As we paddled west across Rose there was an unexpected, noticeably striking, scene along most of the shoreline. The incessant pounding of wave’s yesterday afternoon had produced a foamy outline that starkly contrasted with the dark colored shoreline rocks, making it look like someone had sprayed whipped cream all along the edges of the lake. Fortunately we didn’t have to deal with those conditions today.
Even though it was a gloomy day, Rose Lake did not disappoint & we were still able to satisfactorily contemplate & appreciate the majesty of the fall colors.
Stairway portage beckoned. Our plan was to hike up to the western overlooks. (Overlooks, which we didn’t hike to, are also located to the east along the B-R- T.) Since I didn’t want to have to portage after getting back, I hauled the Black Pearl to the Duncan lake end while Vickie enjoyed the waterfall area.
Afterwards, I caught up with Vickie and we lingered in the immediate area of the waterfall, exploring & appreciating the various perspectives from which it can be viewed, including the small bridge just above the falls. After the customary battery of photos, we pushed on west up the Border Route Trail.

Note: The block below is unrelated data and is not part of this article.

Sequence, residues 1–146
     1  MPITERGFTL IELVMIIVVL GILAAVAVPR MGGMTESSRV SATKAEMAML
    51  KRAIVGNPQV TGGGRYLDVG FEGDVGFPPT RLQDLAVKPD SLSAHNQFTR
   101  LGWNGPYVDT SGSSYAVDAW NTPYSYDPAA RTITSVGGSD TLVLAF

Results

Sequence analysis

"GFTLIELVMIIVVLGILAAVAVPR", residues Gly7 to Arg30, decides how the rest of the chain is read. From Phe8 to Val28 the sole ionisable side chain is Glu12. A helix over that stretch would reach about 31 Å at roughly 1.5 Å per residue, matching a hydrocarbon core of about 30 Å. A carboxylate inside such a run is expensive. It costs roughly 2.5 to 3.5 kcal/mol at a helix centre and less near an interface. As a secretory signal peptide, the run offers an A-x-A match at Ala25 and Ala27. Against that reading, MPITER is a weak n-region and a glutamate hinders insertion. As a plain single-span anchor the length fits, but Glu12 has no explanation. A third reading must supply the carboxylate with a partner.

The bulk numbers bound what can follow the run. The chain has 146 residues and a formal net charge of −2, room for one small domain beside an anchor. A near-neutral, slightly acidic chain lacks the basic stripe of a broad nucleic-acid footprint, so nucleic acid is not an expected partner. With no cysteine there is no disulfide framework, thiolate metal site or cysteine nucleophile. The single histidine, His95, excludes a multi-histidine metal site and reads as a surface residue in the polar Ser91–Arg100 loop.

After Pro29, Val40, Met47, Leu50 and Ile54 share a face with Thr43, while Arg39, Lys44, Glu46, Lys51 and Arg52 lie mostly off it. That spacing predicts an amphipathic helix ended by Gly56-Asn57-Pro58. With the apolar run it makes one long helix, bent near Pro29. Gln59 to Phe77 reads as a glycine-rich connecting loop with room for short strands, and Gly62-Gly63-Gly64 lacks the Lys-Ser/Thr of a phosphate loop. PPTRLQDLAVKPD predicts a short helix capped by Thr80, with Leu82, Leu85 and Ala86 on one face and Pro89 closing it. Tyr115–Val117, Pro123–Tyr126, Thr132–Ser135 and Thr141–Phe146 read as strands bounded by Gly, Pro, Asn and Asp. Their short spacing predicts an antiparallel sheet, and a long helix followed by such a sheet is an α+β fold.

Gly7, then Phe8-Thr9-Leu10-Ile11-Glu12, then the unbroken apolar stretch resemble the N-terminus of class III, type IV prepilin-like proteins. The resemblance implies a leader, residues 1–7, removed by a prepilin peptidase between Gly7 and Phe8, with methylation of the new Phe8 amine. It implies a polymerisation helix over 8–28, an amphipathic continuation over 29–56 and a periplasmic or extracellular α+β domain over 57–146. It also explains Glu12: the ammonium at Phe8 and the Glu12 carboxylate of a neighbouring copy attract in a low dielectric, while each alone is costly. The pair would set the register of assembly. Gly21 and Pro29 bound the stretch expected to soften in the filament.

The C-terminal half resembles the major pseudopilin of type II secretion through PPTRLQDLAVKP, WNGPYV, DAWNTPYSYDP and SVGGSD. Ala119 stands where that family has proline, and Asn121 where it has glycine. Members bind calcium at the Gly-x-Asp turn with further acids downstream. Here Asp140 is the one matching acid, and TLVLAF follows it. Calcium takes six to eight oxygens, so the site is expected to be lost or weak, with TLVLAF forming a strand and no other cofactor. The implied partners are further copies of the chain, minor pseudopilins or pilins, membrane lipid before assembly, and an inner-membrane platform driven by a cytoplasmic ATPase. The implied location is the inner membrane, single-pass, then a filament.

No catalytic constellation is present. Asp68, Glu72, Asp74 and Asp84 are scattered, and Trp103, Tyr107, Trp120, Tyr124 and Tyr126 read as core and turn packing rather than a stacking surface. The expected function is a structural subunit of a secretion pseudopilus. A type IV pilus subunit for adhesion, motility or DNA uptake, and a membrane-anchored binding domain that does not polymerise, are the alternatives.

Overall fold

This is a very demanding section of the trail. Fortunately the top notch scenery along the way helps compensate for the exertion expended. And, for me, just being in the woods on a crisp autumn afternoon was stimulation enough. There were multiple steep sections, a couple where Vickie even got down on all fours to climb. Yet again, it seemed the distance the map showed was deficient in comparison to how far it seemed we actually traveled. But, eventually, we arrived at our destination & our perseverance was amply rewarded with a truly spectacular -breathtaking vista. Of course, a valid argument could be made that breath was in short supply by the time we got there, so there wasn’t much left to take.